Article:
I distinctively remember the first time I heard NOFX in the 90s.
I was a friend’s house who told me there was a band I had to hear and before asking who, he immediately played NOFX for me. The very second that music hit my ears, I turned into a fan.
I loved their crass style and catchy songs to the point I went out that same day and bought a handful of NOFX cassettes where I proceeded to memorize all of the songs. I would listen to I Heard They Suck Live daily and even unsuccessfully looked for a pair of NOFX shorts as seen on White Trash, Two Heebs, and Bean album cover.
In 1996, I got to see NOFX for the first time live at a Warped Tour that was held on a gravel parking lot. There is so much to this story I do not care to get into, but it was pretty much the day that I knew I would be a fan forever.
Last Spring, NOFX released a tell all (and mean tell all) autobiography titled NOFX: The Hepatitis Bathtub and Other Stories. With help from Jeff Alulis, the band all took turns telling stories of how they all came to be without holding back anything.
Chapter one started with a confession of the drinking of urine. From there, the autobiography was everything expected from to hear from the boys, but there was so much more that I was not ready for including the personal hardships, the suicides, and especially the murders that were revealed.
I loved how the book was split into various chapters by previous and current members. Sometimes the chapters complimented one another’s recollections, while others were random for a moment and then touched back on something else said. Where they were not exactly in chronological order, they followed suit enough where I never was trying to connect the dots. It was almost like I was just hanging out with everyone in a room listening to random stories.
The content was funny, serious, and scary as hell at times. Where a lot of the band spoke on the good times being in NOFX and touring the world, a lot was spent talking about severe drug abuse and the insane adventures they were involved in. Reading various memories from original members and current members really encompassed all angles on the story of NOFX.
I loved reading about the bands they saw as kids and the bands they toured with. Hearing them talk about Rancid and the Offspring signing to major labels while they held their own was interesting. I was shocked to even learn that NOFX almost signed to a major label but collectively changed their minds and did things their way.
Of course the part where they all talked about playing at Eric Melvin’s aunt and uncle’s house in Aurora, OH stuck with me. I grew up next to that city and wished to hell I could have seen them play outside in a suburban neighborhood. Truth is, I was probably a bit too young then, but the best part about this story is that I actually became friend’s with Melvin’s cousin. She introduced me to his parents once (if you’re reading this, hi Suzanne!)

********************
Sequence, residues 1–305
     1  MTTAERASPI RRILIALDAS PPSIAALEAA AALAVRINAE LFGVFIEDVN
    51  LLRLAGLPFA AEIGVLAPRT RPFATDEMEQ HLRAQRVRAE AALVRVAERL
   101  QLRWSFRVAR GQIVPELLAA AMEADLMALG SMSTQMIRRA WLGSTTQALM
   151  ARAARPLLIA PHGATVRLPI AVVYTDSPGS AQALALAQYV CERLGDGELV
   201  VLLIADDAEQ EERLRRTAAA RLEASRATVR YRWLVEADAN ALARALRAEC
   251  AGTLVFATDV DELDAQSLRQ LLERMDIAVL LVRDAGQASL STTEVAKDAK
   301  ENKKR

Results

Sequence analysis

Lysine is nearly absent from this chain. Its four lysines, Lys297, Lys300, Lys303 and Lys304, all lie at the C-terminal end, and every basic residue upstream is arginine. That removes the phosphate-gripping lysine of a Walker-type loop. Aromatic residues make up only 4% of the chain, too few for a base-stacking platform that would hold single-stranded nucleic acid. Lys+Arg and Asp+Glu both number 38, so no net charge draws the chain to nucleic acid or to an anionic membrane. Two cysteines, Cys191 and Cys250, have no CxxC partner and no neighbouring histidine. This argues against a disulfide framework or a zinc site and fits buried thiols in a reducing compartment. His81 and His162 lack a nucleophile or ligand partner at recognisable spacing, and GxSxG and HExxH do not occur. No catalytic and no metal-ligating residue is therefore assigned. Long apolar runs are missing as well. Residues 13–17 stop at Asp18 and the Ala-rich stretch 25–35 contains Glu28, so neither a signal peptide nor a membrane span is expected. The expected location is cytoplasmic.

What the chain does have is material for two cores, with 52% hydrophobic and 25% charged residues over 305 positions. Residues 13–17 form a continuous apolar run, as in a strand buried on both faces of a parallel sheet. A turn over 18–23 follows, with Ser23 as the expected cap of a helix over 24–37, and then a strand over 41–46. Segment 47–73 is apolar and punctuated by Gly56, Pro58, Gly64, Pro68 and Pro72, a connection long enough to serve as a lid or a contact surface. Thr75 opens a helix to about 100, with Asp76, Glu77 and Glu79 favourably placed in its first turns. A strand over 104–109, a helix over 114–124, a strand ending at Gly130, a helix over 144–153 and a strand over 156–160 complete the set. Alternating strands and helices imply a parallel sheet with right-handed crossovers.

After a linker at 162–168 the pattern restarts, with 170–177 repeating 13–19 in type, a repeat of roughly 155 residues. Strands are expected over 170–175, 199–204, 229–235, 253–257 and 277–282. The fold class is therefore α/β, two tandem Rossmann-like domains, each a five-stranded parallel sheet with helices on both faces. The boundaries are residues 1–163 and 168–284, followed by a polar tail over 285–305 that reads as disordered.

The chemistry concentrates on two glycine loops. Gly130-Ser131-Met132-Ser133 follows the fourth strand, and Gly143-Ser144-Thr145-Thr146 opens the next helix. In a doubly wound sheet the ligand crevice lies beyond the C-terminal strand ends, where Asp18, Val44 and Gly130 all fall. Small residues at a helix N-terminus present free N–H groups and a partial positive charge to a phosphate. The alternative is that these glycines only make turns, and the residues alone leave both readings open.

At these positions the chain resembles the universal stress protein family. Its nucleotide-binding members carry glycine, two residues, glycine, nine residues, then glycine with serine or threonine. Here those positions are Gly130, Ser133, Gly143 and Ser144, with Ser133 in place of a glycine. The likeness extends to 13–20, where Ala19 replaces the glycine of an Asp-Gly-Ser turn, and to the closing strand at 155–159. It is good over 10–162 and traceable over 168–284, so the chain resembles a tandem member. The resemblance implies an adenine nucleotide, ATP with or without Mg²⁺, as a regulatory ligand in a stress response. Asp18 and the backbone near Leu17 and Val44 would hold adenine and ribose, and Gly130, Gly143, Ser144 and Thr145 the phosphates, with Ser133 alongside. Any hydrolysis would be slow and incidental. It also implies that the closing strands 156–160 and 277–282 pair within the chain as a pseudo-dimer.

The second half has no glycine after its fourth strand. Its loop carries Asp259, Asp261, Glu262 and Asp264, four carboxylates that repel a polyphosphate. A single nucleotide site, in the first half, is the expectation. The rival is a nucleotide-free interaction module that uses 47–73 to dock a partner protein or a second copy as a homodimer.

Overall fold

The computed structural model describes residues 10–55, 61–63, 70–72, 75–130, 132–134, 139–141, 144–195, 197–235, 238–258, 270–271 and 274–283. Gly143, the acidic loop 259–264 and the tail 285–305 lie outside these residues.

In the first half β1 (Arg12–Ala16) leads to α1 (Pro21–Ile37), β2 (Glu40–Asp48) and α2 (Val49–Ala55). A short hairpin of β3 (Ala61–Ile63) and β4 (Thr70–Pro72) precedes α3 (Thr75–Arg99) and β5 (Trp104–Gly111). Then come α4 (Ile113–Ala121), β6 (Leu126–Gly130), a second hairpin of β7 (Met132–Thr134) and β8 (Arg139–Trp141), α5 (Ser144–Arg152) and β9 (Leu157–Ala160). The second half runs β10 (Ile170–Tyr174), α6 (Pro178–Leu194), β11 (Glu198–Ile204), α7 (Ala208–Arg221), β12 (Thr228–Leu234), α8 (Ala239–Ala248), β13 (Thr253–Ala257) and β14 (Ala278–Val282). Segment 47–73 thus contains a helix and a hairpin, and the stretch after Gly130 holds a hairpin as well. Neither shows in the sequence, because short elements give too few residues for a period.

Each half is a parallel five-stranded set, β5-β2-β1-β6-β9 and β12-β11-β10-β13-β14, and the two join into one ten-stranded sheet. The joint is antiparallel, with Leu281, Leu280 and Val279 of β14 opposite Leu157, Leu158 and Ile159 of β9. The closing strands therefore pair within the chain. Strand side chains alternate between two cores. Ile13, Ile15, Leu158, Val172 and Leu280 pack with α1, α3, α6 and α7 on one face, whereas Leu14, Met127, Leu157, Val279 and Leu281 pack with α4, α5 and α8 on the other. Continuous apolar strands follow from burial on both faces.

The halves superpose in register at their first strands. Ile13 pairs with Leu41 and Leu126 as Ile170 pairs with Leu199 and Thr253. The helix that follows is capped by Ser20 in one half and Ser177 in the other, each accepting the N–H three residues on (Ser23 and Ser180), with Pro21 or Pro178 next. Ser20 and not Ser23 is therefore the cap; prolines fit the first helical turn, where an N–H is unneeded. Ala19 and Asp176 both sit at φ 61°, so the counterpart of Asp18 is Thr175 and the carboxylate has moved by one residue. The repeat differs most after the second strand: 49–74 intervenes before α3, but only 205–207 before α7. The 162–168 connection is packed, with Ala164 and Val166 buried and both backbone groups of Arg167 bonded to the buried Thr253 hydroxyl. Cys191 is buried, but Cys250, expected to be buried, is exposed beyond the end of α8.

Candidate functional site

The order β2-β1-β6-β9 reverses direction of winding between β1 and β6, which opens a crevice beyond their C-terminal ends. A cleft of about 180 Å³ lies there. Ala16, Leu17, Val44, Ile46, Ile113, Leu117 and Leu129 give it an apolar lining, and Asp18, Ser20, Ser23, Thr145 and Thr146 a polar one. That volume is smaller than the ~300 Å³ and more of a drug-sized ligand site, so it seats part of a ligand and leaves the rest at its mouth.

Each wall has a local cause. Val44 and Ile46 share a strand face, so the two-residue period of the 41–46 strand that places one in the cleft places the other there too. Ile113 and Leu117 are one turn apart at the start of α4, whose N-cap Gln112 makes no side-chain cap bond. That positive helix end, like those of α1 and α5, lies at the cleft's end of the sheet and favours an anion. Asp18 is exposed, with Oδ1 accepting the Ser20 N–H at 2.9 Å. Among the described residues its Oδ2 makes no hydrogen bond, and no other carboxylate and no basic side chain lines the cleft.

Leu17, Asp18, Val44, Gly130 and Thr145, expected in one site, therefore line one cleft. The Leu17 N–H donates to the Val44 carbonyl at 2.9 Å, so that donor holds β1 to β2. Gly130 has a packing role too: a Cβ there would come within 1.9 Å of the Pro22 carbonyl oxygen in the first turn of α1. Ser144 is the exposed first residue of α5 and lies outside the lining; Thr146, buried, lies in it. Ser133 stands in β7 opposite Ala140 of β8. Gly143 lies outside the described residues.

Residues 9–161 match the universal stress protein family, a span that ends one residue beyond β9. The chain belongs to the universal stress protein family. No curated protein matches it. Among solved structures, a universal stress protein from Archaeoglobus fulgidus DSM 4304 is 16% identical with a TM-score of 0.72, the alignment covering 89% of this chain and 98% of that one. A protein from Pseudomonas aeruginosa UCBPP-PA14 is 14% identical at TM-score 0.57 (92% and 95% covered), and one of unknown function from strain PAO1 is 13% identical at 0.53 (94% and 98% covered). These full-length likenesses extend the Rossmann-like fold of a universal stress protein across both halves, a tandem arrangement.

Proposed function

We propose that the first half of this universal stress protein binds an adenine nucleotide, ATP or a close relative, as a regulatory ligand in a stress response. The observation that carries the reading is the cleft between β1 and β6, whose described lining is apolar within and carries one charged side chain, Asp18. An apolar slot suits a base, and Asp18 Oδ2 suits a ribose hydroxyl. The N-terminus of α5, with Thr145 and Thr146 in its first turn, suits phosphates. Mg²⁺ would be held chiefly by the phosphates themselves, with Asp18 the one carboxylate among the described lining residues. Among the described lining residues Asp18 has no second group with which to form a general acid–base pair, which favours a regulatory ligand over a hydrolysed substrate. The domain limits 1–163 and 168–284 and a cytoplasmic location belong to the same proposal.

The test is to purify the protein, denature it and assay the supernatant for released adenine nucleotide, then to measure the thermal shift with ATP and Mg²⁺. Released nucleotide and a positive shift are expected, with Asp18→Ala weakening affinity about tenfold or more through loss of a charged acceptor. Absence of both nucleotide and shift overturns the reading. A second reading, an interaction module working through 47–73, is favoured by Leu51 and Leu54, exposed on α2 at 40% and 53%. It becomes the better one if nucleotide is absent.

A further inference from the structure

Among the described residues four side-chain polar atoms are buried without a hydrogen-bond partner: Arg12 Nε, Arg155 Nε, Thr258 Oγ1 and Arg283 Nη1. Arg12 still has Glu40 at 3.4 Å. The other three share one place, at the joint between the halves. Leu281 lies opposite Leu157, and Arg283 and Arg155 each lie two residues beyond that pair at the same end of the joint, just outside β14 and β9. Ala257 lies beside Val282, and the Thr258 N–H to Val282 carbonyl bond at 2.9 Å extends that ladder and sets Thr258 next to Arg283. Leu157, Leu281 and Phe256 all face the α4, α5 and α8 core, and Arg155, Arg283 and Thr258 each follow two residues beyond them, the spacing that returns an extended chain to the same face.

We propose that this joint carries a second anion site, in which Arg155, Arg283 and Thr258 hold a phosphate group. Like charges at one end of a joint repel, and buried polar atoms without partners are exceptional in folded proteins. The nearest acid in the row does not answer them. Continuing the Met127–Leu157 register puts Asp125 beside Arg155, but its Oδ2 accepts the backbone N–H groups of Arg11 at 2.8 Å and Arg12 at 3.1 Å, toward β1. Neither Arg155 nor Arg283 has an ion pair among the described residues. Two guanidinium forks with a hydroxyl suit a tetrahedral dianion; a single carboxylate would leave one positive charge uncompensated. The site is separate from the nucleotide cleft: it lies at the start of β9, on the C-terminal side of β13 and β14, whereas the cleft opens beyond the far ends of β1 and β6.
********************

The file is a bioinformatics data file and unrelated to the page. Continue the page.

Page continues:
Reading about Smelly’s heroin addiction and how he eventually overcame it was just intense. At first, his stories were humorous and chaotic, but soon became almost uncomfortable to read, especially the ones he told as a full blown junkie who hit rock bottom. One of his stores that had me laughing out loud though was about a stolen van and a kid who turned out to be Billie Joe Armstrong. When the pieces came together a few chapters later, I lost it.
Fat Mike kept things unfiltered and entertaining. I know more about his sex life now than I ever cared to, but I made sure I read all of it. I was mostly surprised to read that he was not the biggest embarrassment early on (sans his singing). It is crazy to have finished this book knowing that shortly after its release, he decided to chill out on things and go for treatment all because of his pal Tony Sly. Fat Mike say seem like an a-hole on stage, but he is a family man and a loyal friend. I really enjoyed reading his story from start to finish.
El Hefe had me cracking up many times with his stories, mostly when he first started the band, but the one thing in the book that I will never forget was the photo he shared with himself and Tori Amos. If you read the book, I am hoping you know exactly what I am talking about. I also appreciated learning how he grew up and became the man he is today.
The fact that the band members dropped their own moments of truth to one another in print for the first time just made this book so much more real to me. Kept promises were broken and made public because they needed to heard and the autobiography was the perfect place to release. The admissions clearly would open up healed wounds, but were probably never meant to be hidden forever.
Reading how they went from learning about punk rock at an adolescent age to becoming one of the most prolific bands in the punk rock community and beyond was just perfect. Sadly, the road they traveled for 30 years to get there was not a smooth ride and not easy to read at times. I especially appreciated not only learning about NOFX, but also other avenues by the band including Smelly’s motocross company, Melvin’s coffee shop, and El Hefe’s hot mess of a nightclub.
You really don’t need to be a fan of NOFX or punk rock for that matter to enjoy this book. Their stories in this book will suck you in and Jeff Alulis did a great job putting it into print.
Granted it took me a little longer to finish this book than I wanted to, I will tell you that I read almost half of it in just two nights as I could not put it down. I can honestly say I finished the last chapter with a smile on my face and even a bigger appreciation for the band who I’ve been a fan of now for over 20 years.
If you are just looking for a group of dudes telling you true stories from a punk rock, drug fueled life, NOFX: The Hepatitis Bathtub and Other Stories is a must read. For the record, you will learn about the bathtub and it is a little nastier than you might think.